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Michael Hanf and Kara Crowell takes a walk through the forest near Trout Point Lodge in Nova Scotia.

The day I arrived at Trout Point Lodge was ideal. A few sharp showers in the morning cleaned and cleared the air, then the sun broke through, bringing with it the fresh smells of damp earth and oxygen-flush air, and a light that was yellowy green as it filtered through the late-summer foliage high above.

I left my notebook and recorder at the lodge, and took a trail that meandered erratically to the northeast. The already muted sounds of the lodge faded within a few minutes - there are no mechanical noises anyway, there being no need for air "conditioning" in a place where the air is conditioned to a fare-thee-well by natural forces far older than man's technology. A hundred paces farther, I came across a young woman stretched out with a book, leaning against a balsam fir, but she was snoozing and didn't see me pass.

For another hour, I ambled on, saw no one else, heard no sign of humans and saw no sign of a "civilized" world. I saw chipmunks and red squirrels, bear scat but no bears, heard the me-me-me of finches and the cheeky calling of chickadees, saw a little nuthatch upside down on the bark of a spruce. Just that morning I had read that more than 200 bird species inhabit these forests, but I put it out of my mind, because I remembered something else I had been told, by a forest steward elsewhere in Nova Scotia. Just going out for a calming walk is good, he said, but with practice it can be better. As he put it, "You must try to move beyond listening and looking, into hearing and seeing; if you spend enough time in the woods you become outer-directed, and that's when the ills of stress begin to seep away." That little nuthatch is not just one more creature to be counted and ticked off on a life list … it just is. So are the trees, and the air, and the light, and the calm.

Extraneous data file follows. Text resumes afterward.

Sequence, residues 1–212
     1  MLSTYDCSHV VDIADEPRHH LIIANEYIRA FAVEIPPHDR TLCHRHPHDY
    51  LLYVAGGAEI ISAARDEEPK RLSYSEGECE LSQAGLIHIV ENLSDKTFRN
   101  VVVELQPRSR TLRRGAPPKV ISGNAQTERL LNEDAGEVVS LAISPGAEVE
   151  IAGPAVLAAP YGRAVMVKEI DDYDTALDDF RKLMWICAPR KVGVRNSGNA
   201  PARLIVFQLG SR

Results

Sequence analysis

The Japanese, who have been at this sort of thing a lot longer, call the experience of stress reduction in natural surroundings "forest bathing," or shinrin-yoku. I read in a news report that "Japanese scientists have discovered that the scent of trees, the sound of brooks and the feel of sunshine … can have a calming effect …" It takes funded research to discover the glaringly obvious? True, there is further evidence that essential wood oils called phytoncides, which are natural preservatives and fungicides emitted by many plants, can actually increase natural killer cells in humans, thus enhancing the immune system. I don't know whether this is in any sense true, but it doesn't really matter, and if they want to call it "forest bathing" why should we quibble? It may be not so much that forests are healthy, but that cities are not.

You can "forest-bathe" pretty well anywhere there are trees, even in urban parks. But if you want to try the real thing, this may be the place. Trout Point Lodge's property abuts the thousand square kilometres of the Tobeatic wilderness area, which itself abuts the national park called Kejimkujik, the first and largest "dark zone" in Atlantic Canada and one of the least populated, least spoiled woodlands in eastern North America.

This is pristine Acadian forest; thousands of hectares of red spruce mixed with sugar maple and yellow birch, beech with their silky bark, red oak, pine and spruce, and hemlock on the lower stretches, some of them 30 metres or more tall. No roads, no houses, no industry … just nature. No all-terrain vehicles, no trucks. Not a golf course anywhere, not even a croquet pitch.